A break from the holidays
The over-commercialization of Halloween and Christmas has made us forget about Thanksgiving
Everyone has their mind on Halloween this week. Come to think of it, everyone has had their mind on Halloween for the past month. How could they not? Department stores, grocery stores and superstores alike start to sneak their Halloween decorations and their costume racks into the aisles as soon as they have exploited “Back-to-School” season to its limit. By Labor Day, you can hardly walk past a store or diner window without seeing a stick-on pumpkin or black cat, nor can you switch on the television without hearing about the latest costume trends or upcoming scary movie marathons. It is ridiculous. And I can predict with absolute certainty what people will start talking about as soon as Halloween passes us by — Christmas and its associated search for the perfect presents. Almost immediately, wreaths will begin appearing on doors, cardboard castles full of candy canes will sprout up in front of check-out lines, dazzling lights will hang from the ceilings, and Santa Claus will take up residence in the local mall.
As we get rushed into holidays, our excitement becomes perfunctory and also tiresome after a while. I love dressing up and begging for free candy as much as anyone, but when I am expected to start planning my costume in late August, by the time the big event finally rolls around I am bored of the whole thing. We get shoved into Christmas season prematurely especially. I understand that the Christmas spirit is an attractive concept. Everyone loves the ambiance of the holiday season. It is a beloved song lyric for a reason: Christmas is the most wonderful time of the year. But is that why we start celebrating in early November? Is it our collective thrill over the prospect of the actual holiday? More so, I feel that it is a result of the unabashed commercialization that both Halloween and Christmas have suffered.
Of course, I understand that for many, the Christmas season in particular is much more than the sum of its parts. It is not about the casserole dishes, the Christmas carols, the decorations or even the exchange of gifts. It is a religious experience. But it seems that society overall has lost sight of not only that spiritual significance of Christmas, but also of the opportunity it presents to spend time with family and embrace the spirit of giving in its most innocent sense. Christmas has become a profitable enterprise that we must begin taking advantage of at the earliest opportunity.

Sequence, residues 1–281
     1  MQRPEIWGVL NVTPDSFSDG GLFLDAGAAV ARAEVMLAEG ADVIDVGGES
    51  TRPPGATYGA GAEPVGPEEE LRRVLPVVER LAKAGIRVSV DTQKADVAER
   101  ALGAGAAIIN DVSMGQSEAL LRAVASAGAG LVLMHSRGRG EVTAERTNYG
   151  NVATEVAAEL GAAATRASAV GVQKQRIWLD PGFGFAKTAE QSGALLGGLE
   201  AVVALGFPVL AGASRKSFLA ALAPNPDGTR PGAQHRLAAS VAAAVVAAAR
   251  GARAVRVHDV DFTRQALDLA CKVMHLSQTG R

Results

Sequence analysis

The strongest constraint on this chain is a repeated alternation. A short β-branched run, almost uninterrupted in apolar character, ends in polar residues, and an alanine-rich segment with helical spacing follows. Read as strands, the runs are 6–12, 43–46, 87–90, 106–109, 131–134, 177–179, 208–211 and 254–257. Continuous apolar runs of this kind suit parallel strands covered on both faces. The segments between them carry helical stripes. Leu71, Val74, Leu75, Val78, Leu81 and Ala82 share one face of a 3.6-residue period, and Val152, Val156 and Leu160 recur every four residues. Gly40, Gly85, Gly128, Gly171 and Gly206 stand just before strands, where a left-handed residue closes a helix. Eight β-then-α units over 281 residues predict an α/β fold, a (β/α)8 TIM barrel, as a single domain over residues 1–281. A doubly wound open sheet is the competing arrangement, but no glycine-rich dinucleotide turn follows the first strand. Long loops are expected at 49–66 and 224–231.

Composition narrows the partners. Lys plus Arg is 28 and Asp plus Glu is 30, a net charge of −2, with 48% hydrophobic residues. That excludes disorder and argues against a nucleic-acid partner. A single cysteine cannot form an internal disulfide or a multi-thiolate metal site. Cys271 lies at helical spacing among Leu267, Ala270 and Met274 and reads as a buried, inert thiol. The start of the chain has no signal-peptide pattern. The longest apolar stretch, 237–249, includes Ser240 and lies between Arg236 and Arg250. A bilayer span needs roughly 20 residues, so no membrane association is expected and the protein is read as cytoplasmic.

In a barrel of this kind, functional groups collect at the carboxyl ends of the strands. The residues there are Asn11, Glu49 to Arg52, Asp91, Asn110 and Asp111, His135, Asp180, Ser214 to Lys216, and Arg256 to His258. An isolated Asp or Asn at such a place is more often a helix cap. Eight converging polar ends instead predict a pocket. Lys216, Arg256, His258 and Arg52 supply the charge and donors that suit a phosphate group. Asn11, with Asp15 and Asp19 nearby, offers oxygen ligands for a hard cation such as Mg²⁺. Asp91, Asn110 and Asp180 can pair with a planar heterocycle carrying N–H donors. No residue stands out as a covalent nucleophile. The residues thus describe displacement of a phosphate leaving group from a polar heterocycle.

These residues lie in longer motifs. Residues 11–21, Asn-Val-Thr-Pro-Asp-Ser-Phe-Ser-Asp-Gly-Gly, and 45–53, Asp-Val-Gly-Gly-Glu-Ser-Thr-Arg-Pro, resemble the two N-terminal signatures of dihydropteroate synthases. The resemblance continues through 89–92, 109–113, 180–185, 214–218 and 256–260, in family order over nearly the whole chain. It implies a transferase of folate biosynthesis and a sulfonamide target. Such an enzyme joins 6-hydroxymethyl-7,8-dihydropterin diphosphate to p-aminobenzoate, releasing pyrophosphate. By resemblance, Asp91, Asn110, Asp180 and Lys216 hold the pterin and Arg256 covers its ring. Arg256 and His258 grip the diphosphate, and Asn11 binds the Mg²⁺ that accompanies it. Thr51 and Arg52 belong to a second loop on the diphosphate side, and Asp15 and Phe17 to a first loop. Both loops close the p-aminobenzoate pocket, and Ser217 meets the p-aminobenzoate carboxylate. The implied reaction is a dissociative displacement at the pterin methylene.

In our hurry to arrive at the Christmas season — by allowing it to commence in November — Americans are forgetting something of great importance: Thanksgiving. We are completely ignoring Thanksgiving, or labeling it simply as the stepping stone to Christmas, when it becomes acceptable to begin decking the halls. Personally, I find this a devastating oversight, and I do not understand it. Why doesn’t Thanksgiving get the months of promotion and fanfare that the other holidays receive? Perhaps it is because Thanksgiving refuses to be commercialized. With Thanksgiving, there is no gimmick. You cannot sell gratitude, you cannot profit from reflection and thanks. Besides the occasional paper turkey ornament or the reasonable increase in turkey sales, Thanksgiving has no “shopping season”; there is nothing to buy and thus, nothing to sell. As a result, the significance of Thanksgiving has been reduced. I am not saying that we should try to increase the appeal of Thanksgiving by finding something about it to exploit, but rather that we should acknowledge the relative marketability of some holidays over others and realize that a holiday’s cultural value is not directly related to its literal, commercial value.
If you can’t tell already, I adore Thanksgiving. Aside from the holiday itself, I think we should slow down to appreciate the loveliness of that time of year. I love the colors of the leaves, the slight chill in the air and having pumpkin-flavored everything! And while we have inarguably sanitized our history, I love the basic concept of Thanksgiving, the essence of what we are celebrating. At the very first Thanksgiving, the Pilgrims and the American Indians put aside their differences and had a hearty dinner together in appreciation of their successful harvest. That is a beautiful thing.
In modern times, we recognize different traditions, but we should still give a nod to our roots. Thanksgiving is an excuse to hang out with your family for no other reason than their company — no gifts, no strings attached. Together, you eat delicious food, watch football and see a parade. Is there any combination of things that sounds more wholesome, or more American, than that? Thanksgiving is a time for everyone, regardless of religious tradition or background, to acknowledge the blessings in their lives and say thanks. So let us try to remember it this year.
Ashley Spinks’s column appears Mondays in The Cavalier Daily. She can be reached at email@example.com.